How to choose a tongue drum
The unique and fascinating steel tongue drum offers a world of musical exploration accessible to everyone, even those without a musical background. But how do you go about choosing one that's right for you? While there are no hard and fast rules (every tongue drum is a joy to play!), here are some key factors to consider when making your choice:
Size & material: Why it matters
When it comes to tongue drums, size does make a difference. Drums are available in various shapes and sizes, with the general rule being: the bigger the drum, the richer and more resonant the sound. For instance, 14- and 15-inch drums produce particularly deep, lingering notes that a smaller drum might not achieve.
While all tongue drums have metal bodies, variations in the type and combination of metals used can subtly influence the instrument's tone. Typically, higher-priced drums have a clearer and more expressive tone. To help you make the right choice, we've included videos in our product descriptions, allowing you to listen and select the drum whose sound resonates most with you.
Tuning & scale: Set your tone
Tuning is another critical aspect of choosing a tongue drum. Most can't be retuned at home, so you'll want to select a scale that suits your musical preferences. Generally, drum scales fall into two categories:
1. Major/Diatonic scale
If you fancy playing popular tunes like "You Are My Sunshine" or "Castle in the Sky," consider a drum tuned in C or D major. The more notes your drum has, the broader your song repertoire will be.
2. Special scales/modes
If you're interested in meditation, sound healing, or improvisation, consider a drum with a unique scale or mode. We offer a range of these, including
D minor tuning for the 9-note mini handpan
Akebono tuning on the 10-note Japanese style drum
Pentatonic scale on some mini drums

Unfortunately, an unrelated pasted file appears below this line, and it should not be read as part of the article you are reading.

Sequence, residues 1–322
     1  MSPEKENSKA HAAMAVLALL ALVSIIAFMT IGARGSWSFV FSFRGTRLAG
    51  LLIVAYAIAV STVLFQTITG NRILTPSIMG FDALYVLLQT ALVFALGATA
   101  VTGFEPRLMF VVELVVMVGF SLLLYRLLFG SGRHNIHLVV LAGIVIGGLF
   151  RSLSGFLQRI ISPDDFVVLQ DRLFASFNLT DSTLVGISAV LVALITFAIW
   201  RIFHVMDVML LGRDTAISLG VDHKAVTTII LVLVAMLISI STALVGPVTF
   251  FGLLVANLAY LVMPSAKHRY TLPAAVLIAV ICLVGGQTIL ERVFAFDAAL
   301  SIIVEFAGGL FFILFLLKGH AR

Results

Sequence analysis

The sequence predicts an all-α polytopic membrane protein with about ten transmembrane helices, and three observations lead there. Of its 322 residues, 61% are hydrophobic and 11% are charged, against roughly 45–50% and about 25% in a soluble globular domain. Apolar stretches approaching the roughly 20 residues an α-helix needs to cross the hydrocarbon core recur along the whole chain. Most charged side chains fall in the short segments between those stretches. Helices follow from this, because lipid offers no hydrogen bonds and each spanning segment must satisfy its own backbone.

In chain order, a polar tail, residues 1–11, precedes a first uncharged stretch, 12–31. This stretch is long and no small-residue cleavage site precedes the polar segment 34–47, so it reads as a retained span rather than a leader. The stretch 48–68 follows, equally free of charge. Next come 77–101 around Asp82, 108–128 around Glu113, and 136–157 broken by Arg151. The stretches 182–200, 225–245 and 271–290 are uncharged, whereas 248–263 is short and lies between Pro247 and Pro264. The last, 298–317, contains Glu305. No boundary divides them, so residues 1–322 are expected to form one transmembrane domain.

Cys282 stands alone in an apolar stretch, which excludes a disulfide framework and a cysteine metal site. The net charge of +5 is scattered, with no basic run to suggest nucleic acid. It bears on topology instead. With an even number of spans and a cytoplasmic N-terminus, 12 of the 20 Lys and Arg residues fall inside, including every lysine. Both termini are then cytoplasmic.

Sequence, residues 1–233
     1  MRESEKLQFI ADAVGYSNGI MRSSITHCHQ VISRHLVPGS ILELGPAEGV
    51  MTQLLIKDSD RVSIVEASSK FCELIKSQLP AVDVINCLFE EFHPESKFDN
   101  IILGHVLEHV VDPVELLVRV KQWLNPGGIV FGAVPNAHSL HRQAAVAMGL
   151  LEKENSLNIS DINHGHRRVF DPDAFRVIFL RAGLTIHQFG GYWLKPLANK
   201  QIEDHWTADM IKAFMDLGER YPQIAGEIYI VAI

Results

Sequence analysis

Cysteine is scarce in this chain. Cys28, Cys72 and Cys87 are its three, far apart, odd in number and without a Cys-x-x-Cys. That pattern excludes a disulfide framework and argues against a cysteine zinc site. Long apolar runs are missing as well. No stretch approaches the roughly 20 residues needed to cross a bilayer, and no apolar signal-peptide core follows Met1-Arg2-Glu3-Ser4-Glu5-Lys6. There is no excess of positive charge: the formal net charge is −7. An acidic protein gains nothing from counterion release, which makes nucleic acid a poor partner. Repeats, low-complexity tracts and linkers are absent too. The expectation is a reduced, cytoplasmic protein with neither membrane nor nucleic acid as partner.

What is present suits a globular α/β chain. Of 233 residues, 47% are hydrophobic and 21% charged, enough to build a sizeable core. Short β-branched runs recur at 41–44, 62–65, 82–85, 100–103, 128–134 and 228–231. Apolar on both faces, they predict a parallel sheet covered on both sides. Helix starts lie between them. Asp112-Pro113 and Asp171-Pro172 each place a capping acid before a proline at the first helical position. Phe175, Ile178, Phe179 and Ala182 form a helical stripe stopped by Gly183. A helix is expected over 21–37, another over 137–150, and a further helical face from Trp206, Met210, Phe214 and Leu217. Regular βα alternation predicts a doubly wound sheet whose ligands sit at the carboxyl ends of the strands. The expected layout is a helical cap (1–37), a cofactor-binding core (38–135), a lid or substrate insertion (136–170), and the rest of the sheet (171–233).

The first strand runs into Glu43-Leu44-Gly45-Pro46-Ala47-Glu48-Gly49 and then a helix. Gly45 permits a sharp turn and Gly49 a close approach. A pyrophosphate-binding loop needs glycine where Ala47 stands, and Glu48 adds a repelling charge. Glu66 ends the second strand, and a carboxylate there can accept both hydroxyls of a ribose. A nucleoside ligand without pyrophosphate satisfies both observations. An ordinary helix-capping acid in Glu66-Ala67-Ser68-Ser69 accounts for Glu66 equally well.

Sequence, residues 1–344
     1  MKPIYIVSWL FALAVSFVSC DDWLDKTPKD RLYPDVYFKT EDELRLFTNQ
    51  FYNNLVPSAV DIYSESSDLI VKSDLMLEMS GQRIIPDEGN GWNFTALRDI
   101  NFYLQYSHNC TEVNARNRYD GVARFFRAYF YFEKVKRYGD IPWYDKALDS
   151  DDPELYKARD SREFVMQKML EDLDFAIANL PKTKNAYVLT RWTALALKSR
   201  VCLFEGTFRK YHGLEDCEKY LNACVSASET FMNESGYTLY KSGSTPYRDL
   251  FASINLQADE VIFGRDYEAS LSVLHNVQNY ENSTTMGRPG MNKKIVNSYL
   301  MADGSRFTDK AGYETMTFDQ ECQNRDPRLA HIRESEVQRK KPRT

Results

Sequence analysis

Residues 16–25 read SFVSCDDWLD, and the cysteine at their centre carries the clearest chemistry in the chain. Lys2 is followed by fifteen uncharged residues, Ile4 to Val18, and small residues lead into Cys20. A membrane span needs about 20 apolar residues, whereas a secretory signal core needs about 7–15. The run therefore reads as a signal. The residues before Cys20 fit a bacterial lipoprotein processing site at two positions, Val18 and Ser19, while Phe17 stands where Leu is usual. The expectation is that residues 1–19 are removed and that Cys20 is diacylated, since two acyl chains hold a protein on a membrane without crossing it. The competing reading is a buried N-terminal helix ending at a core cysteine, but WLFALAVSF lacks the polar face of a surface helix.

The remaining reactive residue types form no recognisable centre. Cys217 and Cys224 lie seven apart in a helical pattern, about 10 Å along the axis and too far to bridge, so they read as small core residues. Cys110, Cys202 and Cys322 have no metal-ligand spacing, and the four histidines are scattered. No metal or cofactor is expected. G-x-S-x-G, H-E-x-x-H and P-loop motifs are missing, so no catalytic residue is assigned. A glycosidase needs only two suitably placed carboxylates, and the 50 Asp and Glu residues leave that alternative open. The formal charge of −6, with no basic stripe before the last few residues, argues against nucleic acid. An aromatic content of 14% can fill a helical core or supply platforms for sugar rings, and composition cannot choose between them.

These scales create a distinctive mood or feeling, producing soothing, relaxing sounds, no matter how you play them. However, the trade-off is that you might not find many popular pieces written for these scales.
Here is a video of 9-note D minor mini handpan improvisation.
Check out the following video of a tongue drum tuned in Akebono scale.
The drawback of these tunings is that you can't find many popular pieces to play on them.
In a nutshell, drums tuned to a major scale lend themselves more towards melody and recognizable tunes – they're a beginner-friendly musical instrument.
In contrast, drums with special tuning are perfect for rhythmic playing and meditative practice – think of them as sound healing tools.
*That's not to say you can't produce impressive music with a drum tuned to a special scale – with practice, these drums can sound truly fantastic (see below video). However, for beginners seeking to play familiar songs, a major-tuned drum is often a better choice.
Despite the complexities and options involved in choosing a tongue drum, remember: there's no wrong way to play it, and the best drum for you is the one that brings you the most joy, both in sound and appearance. Dive in, explore the world of tongue drums, and find your perfect match today! 🥰